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Bridget Parris

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Dauphine Eugenie's Apartment, Oil on panel, 2010
Dauphine Eugenie's Apartment, Oil on panel, 2010
Drawing parallels between the practices of the French aristocracy in the 18th century and those of the United States government in the 21st century, the work presented in "And then there was a Revolution" compares events that led to the French Revolution with political decisions that enabled the current U.S. economic crisis and recession to occur. In both instances the greed and excessive desires of a powerful few grew to a level that became unsustainable for the general population to bear. For many, the consequences were disastrous.

Marie and Her Knight in Shining, Oil on panel
Marie and Her Knight in Shining, Oil on panel
A stylistic approach that presents itself as "fairy tale-like" enables the viewer to enter into a dialogue with the work that is as current and timely as it is timeless.

An expression of various opposing sentiments that arise in relationship to the subject matter at hand, we remember the French courts not only for their social and political oppression of the French people, but for their astounding contributions to world culture. This aristocracy fostered the growth of unsurpassed innovation and
artisanship in the fine and decorative arts through their patronage and provision.

The second major source of inspiration for this current body of artwork was spurred by my work as an industrial designer. My heart has been closely tied to producers of products and the artisans who can create the techniques I have desired. Very sadly, in many cases, there are antique techniques that can no longer be re-produced as cheaper,faster means of production became available and consumer tastes and attitudes changed.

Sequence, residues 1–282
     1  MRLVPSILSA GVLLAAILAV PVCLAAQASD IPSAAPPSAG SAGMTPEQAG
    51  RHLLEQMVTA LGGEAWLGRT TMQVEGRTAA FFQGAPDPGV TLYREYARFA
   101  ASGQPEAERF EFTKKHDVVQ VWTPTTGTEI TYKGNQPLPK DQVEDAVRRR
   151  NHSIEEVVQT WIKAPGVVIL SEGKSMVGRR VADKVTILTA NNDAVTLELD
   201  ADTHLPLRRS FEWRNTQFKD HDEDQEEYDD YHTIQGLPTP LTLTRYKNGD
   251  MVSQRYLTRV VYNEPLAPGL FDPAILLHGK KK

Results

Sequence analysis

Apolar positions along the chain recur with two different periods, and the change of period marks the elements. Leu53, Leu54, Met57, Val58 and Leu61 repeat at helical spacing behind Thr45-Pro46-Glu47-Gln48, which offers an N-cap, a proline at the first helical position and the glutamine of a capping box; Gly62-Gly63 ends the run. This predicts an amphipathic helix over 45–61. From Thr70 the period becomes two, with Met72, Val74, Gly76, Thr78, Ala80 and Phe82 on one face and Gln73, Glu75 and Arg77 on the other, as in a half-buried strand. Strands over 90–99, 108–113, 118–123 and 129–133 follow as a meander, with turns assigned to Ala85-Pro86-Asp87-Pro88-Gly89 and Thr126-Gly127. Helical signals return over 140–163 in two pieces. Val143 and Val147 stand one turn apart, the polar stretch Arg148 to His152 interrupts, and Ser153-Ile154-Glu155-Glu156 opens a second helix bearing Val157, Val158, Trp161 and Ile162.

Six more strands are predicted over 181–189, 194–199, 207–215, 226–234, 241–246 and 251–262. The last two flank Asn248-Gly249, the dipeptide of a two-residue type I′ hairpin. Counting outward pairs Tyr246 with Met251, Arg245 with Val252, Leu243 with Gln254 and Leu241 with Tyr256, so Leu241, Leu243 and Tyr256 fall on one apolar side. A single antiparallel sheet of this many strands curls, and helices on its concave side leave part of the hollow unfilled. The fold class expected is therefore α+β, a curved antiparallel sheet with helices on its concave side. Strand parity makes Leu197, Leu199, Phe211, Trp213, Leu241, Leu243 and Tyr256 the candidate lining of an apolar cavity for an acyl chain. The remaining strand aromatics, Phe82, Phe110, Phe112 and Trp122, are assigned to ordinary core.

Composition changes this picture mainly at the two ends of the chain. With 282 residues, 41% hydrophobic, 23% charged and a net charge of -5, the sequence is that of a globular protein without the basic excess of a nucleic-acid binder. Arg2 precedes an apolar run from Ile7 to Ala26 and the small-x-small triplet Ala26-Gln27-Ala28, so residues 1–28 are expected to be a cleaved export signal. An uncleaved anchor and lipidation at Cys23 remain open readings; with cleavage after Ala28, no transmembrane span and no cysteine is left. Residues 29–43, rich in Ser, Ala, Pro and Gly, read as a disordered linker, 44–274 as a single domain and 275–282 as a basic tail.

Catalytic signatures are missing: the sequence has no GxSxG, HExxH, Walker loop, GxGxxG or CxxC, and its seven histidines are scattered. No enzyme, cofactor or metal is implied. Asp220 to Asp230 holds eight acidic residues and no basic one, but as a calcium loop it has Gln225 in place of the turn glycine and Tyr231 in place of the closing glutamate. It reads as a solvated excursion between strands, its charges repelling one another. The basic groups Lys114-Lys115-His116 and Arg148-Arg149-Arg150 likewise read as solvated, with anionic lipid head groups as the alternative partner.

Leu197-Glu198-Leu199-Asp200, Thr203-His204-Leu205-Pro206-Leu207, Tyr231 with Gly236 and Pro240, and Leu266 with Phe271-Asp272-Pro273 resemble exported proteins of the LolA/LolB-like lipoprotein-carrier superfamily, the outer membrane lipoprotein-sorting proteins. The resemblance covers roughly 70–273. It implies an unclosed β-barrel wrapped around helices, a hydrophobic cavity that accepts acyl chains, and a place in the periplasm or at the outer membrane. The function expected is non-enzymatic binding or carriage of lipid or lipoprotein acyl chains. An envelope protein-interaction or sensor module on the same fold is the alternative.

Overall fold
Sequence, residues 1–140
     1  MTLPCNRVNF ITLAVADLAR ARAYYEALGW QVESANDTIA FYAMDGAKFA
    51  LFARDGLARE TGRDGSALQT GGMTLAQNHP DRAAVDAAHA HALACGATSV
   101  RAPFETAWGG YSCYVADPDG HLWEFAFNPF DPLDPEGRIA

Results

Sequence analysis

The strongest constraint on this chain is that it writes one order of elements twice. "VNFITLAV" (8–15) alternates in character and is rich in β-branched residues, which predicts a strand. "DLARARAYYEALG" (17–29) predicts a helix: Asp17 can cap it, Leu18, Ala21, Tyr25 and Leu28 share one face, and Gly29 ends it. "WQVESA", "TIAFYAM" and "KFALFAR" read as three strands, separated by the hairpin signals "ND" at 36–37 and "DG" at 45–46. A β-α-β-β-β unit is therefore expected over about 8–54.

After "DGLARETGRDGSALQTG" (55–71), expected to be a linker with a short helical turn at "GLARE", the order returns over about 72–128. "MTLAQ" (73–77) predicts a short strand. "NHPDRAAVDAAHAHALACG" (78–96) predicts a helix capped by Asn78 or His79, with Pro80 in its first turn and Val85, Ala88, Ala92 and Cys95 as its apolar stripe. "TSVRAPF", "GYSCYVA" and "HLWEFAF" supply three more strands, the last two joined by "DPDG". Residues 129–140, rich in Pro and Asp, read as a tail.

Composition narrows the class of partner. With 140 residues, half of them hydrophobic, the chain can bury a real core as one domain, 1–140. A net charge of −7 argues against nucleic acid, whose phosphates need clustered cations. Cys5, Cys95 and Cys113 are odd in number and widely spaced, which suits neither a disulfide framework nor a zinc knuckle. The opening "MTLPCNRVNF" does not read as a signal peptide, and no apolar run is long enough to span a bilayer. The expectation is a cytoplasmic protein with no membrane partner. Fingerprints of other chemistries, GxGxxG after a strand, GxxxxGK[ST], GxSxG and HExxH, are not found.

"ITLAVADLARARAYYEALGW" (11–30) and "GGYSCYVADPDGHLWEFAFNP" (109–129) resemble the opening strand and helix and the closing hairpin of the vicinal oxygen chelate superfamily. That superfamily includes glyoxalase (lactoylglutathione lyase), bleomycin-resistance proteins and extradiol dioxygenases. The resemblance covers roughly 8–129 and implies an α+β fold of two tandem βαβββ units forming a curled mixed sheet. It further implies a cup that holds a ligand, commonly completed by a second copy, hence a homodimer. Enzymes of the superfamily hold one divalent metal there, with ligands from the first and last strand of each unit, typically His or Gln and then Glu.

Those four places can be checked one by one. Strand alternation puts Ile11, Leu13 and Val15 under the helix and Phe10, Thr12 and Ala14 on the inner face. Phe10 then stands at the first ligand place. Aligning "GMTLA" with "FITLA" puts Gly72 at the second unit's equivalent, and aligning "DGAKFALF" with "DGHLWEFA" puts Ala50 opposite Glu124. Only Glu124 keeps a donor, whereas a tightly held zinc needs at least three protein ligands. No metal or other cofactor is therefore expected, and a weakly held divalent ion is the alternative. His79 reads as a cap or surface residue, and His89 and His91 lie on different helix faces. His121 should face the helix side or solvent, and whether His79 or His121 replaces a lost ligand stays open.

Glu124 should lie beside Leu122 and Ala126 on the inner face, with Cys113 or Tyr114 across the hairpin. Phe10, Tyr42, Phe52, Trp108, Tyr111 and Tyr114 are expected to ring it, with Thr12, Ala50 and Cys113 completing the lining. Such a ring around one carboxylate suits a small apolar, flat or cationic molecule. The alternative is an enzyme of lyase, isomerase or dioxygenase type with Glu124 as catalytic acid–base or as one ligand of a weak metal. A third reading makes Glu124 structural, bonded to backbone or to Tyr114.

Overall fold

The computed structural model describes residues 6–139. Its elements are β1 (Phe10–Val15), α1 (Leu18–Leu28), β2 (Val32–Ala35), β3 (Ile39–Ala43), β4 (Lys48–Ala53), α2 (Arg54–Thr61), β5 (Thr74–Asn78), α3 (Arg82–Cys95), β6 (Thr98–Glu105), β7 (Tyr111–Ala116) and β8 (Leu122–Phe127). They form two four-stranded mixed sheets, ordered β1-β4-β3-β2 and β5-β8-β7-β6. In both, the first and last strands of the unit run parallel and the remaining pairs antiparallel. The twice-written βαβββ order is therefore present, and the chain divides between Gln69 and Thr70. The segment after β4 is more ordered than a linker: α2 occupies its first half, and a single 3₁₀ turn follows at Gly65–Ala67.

The French Royal Manufactory Sevres competed with the Royal German factory Meissen to be regarded as the best in the world. Complex three dimensional forms adorned with hand painted decorations were produced as one of a kind pieces for friends and allies of the French and German courts. Symbols of alignment, the more elaborate the dinner service, the closer the alliance the recipient maintained with the party who had commissioned the gift. These delicate, precious porcelain objects wielded great strength and might as powerful symbols of financial and military power. This relationship between delicacy, and power is one that you will see appearing over and over again in the paintings before you: in the frosting-like application of paint, the delicate layering of glazes, the color choices of pale pinks and baby blues, as well as in the design of the costumes and poses of the figures.Throughout the body of work that comprises "And then there was a Revolution," great respect is paid to the skills and accomplishments of the artists and artisans of France before the revolution, while the immense loss the end of this aristocracy brought to the decorative arts industry is made evident.
The Opera House, Oil on panel, 16x12 inches
The Opera House, Oil on panel, 16x12 inches

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